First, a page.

Courtesy of James Marsh

Audience members that are fans of traditional and old-fashioned documentaries might be jarred by Project Nim. Director James Marsh goes far beyond simply showing data as he suggests ethical questions about the use of animals for scientific research. The journey of Nim, a chimpanzee, through the scientific and human world hides moral and ethical questions from the beginning to the end.

Herbert Terrace, a scientist at Columbia University in New York, had the ambitious project of teaching Nim sign language. Through a wonderful combination of black and white pictures, classical music and old home videos, the audience joins Nim in his learning process.

The journey starts with tones of humor and emotion. The chimpanzee is more than a project; he learns words but also how to smoke, drink alcohol and ride a motorcycle. Among the community of scientists, he becomes one more. He is neither a chimpanzee nor a child. He is between two worlds.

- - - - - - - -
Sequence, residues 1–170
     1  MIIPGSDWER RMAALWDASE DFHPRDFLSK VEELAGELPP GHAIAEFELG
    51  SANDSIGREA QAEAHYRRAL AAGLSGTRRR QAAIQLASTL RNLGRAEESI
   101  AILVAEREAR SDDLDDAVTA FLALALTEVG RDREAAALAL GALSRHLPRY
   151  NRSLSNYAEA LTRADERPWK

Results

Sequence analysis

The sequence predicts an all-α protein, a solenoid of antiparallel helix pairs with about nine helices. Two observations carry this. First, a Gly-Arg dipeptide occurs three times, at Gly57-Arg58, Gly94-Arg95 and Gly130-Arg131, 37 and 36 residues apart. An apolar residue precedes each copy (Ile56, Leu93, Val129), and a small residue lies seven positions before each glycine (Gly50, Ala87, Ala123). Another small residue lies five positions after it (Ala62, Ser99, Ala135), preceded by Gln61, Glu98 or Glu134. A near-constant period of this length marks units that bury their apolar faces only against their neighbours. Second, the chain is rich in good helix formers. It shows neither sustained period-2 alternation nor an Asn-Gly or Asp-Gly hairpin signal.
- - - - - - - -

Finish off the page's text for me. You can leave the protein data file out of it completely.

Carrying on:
The emotional and charming atmosphere gets darker as the chimpanzee grows old. Nim gets smarter, but he also becomes violent and wild. Although he communicates like a human, Nim is a life-threatening chimpanzee. The scientists as the audience the audience, are compelled to question themselves whether the human or animal side of Nim defines him.

But Nim’s destiny is sealed after he seriously injures one of the scientists. He migrates from green and sunny outdoor environments to Oklahoma and then to Texas. Cold and lonely cages, experimental laboratories and homes for abused animals become his new home. Nim has demonstrated that he is not prepared for human world.  But is he ready to live as a normal captive chimpanzee?

Like he did in previous documentaries, such as Man on the Wire, director James Marsh uses advanced multimedia and design techniques, inspired by photography, to develop more than a documentary. Project Nim does not limit itself to simply giving away facts. It questions the scientific community and questions if the audience suggests certain criticism toward the human race that has left an innocent animal without a place in the world.

Vox Rating: VVV

– Alejandra Quintela Sanchez

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